Im Focus: First evidence on the source of extragalactic particles

For the first time ever, scientists have determined the cosmic origin of highest-energy neutrinos. A research group led by IceCube scientist Elisa Resconi, spokesperson of the Collaborative Research Center SFB1258 at the Technical University of Munich (TUM), provides an important piece of evidence that the particles detected by the IceCube neutrino telescope at the South Pole originate from a galaxy four billion light-years away from Earth.

To rule out other origins with certainty, the team led by neutrino physicist Elisa Resconi from the Technical University of Munich and multi-wavelength...

Im Focus: Magnetic vortices: Two independent magnetic skyrmion phases discovered in a single material

For the first time a team of researchers have discovered two different phases of magnetic skyrmions in a single material. Physicists of the Technical Universities of Munich and Dresden and the University of Cologne can now better study and understand the properties of these magnetic structures, which are important for both basic research and applications.

Whirlpools are an everyday experience in a bath tub: When the water is drained a circular vortex is formed. Typically, such whirls are rather stable. Similar...

Im Focus: Breaking the bond: To take part or not?

Physicists working with Roland Wester at the University of Innsbruck have investigated if and how chemical reactions can be influenced by targeted vibrational excitation of the reactants. They were able to demonstrate that excitation with a laser beam does not affect the efficiency of a chemical exchange reaction and that the excited molecular group acts only as a spectator in the reaction.

A frequently used reaction in organic chemistry is nucleophilic substitution. It plays, for example, an important role in in the synthesis of new chemical...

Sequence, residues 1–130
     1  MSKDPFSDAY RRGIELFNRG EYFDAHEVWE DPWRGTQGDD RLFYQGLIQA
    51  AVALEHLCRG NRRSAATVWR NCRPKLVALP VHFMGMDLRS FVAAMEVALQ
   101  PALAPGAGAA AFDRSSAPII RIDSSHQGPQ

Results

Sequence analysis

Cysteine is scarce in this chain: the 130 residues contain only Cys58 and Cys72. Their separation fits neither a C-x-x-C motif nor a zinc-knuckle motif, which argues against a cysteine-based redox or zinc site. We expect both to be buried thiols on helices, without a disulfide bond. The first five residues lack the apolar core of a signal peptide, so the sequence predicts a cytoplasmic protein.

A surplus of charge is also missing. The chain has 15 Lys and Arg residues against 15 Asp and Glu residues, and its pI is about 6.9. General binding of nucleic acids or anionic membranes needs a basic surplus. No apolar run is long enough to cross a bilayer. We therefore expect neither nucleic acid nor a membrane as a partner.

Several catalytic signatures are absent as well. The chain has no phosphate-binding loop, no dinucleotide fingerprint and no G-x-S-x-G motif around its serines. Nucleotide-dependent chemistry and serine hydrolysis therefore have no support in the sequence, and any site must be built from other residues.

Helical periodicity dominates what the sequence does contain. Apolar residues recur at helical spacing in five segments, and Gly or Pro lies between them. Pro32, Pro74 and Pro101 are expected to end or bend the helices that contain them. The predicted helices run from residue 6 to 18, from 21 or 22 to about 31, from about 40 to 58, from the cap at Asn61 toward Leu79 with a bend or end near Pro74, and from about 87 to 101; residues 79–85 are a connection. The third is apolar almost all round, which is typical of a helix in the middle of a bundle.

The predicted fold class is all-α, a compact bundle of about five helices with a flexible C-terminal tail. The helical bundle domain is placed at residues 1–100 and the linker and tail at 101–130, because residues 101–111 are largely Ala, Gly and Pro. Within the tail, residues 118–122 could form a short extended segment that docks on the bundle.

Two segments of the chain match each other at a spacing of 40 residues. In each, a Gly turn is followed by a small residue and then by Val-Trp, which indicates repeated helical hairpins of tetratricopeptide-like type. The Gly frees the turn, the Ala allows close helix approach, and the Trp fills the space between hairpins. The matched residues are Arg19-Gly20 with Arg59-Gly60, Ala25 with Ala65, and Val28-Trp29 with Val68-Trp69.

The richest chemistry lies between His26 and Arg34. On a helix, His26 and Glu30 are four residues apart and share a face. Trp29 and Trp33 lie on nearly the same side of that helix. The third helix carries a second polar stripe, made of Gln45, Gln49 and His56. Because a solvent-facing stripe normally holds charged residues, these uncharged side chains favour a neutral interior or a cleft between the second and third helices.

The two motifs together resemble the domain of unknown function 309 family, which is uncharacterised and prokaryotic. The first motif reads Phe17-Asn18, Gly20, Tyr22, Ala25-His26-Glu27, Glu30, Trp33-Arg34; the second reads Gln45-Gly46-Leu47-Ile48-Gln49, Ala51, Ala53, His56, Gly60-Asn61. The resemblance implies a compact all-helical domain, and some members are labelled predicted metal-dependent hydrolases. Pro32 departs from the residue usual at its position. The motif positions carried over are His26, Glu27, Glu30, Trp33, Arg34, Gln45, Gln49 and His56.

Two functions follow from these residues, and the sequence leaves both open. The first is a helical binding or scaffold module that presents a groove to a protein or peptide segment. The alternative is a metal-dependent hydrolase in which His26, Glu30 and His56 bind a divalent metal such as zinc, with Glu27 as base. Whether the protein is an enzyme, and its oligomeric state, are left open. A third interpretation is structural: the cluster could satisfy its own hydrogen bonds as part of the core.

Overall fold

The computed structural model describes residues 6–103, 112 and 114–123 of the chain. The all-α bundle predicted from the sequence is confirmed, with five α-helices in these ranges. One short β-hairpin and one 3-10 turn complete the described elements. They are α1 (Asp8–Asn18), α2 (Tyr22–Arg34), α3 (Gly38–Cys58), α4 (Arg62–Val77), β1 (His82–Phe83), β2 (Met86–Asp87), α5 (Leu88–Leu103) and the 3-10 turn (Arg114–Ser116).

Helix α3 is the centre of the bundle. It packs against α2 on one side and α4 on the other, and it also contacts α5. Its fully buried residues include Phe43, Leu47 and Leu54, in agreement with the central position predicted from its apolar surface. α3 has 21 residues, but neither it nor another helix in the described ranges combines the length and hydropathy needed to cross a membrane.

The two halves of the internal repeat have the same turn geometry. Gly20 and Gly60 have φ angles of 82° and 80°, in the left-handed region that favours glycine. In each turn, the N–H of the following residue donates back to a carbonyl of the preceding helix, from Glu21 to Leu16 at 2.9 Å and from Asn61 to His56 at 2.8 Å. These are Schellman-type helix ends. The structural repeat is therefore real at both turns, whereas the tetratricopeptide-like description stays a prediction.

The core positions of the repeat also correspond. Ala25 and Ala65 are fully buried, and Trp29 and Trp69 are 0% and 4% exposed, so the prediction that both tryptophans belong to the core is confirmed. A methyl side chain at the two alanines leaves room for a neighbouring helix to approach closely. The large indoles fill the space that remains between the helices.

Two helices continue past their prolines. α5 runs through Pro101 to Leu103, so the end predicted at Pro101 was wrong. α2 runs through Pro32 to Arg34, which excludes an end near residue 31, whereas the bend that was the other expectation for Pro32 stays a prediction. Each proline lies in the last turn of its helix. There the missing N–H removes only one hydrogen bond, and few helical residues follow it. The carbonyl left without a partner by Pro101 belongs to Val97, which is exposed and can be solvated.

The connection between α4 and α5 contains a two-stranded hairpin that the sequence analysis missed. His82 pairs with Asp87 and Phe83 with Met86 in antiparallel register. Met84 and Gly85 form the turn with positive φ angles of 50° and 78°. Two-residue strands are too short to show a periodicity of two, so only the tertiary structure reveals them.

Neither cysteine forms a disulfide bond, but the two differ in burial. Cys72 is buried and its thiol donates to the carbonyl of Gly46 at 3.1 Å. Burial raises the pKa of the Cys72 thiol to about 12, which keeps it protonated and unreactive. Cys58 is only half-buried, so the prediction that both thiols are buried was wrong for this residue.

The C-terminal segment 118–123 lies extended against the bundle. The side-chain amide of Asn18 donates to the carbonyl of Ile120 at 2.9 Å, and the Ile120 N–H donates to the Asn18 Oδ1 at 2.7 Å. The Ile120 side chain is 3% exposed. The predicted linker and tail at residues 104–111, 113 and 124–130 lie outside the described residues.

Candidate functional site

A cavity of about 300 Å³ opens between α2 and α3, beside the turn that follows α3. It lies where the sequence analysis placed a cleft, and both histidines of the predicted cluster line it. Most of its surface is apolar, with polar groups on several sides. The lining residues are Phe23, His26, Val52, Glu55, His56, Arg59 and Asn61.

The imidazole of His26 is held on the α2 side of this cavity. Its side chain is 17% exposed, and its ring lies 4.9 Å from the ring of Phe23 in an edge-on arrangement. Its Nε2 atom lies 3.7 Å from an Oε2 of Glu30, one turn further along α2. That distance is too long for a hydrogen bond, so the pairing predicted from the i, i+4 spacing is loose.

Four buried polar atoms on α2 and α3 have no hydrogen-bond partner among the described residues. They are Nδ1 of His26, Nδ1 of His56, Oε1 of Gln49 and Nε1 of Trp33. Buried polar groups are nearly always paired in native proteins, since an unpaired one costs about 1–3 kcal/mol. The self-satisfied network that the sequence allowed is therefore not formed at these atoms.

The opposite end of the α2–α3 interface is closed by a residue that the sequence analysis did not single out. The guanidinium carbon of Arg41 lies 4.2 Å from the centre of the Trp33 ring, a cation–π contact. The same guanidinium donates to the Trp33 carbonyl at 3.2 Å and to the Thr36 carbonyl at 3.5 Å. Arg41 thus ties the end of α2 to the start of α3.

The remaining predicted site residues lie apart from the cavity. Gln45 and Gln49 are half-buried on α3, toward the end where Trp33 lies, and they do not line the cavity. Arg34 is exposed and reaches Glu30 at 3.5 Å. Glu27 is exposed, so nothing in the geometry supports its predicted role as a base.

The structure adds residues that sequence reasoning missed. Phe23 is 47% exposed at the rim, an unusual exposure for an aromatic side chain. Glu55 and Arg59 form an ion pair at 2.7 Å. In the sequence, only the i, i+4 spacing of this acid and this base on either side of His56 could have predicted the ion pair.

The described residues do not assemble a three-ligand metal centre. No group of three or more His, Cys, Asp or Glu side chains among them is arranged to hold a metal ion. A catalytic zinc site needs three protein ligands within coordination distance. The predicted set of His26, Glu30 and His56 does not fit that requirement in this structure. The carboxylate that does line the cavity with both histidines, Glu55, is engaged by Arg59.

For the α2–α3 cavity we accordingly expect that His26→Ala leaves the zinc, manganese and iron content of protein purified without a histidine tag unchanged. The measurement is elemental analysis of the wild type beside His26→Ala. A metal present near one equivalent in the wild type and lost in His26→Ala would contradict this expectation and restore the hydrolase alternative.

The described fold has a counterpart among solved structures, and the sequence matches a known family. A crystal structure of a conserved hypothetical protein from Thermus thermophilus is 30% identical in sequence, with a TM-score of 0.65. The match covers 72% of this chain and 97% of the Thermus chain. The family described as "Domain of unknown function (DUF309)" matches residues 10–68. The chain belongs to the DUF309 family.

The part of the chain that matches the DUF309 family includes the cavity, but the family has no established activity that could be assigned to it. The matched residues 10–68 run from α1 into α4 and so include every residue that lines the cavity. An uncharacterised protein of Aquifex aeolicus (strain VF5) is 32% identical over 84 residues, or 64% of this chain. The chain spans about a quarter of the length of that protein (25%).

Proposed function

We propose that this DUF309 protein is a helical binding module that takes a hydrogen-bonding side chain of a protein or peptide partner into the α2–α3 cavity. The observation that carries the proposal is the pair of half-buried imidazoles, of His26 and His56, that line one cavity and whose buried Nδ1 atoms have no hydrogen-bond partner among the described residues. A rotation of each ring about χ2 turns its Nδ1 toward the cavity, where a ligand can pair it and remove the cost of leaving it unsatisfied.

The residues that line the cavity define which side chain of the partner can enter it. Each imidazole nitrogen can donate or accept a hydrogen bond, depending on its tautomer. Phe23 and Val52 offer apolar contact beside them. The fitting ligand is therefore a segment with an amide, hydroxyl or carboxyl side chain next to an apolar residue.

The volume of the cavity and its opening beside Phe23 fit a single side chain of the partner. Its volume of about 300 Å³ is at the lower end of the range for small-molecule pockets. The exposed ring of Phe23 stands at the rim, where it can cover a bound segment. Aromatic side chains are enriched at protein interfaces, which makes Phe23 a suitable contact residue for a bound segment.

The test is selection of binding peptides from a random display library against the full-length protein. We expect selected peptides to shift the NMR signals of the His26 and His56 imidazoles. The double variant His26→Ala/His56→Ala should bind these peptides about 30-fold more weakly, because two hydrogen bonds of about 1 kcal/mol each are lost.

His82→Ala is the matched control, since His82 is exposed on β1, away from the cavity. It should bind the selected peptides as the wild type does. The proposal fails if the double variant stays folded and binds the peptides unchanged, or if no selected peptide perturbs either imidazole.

Im Focus: New 2D Spectroscopy Methods

Optical spectroscopy allows investigating the energy structure and dynamic properties of complex quantum systems. Researchers from the University of Würzburg present two new approaches of coherent two-dimensional spectroscopy.

"Put an excitation into the system and observe how it evolves." According to physicist Professor Tobias Brixner, this is the credo of optical spectroscopy....

All Focus news of the innovation-report >>>

Anzeige

Anzeige

VideoLinks
Industry & Economy
Event News

Leading experts in Diabetes, Metabolism and Biomedical Engineering discuss Precision Medicine

13.07.2018 | Event News

Conference on Laser Polishing – LaP: Fine Tuning for Surfaces

12.07.2018 | Event News

11th European Wood-based Panel Symposium 2018: Meeting point for the wood-based materials industry

03.07.2018 | Event News

 
Latest News

Princeton-UPenn research team finds physics treasure hidden in a wallpaper pattern

20.07.2018 | Materials Sciences

Computer model predicts how fracturing metallic glass releases energy at the atomic level

20.07.2018 | Physics and Astronomy

Relax, just break it

20.07.2018 | Materials Sciences

VideoLinks
Science & Research
Overview of more VideoLinks >>>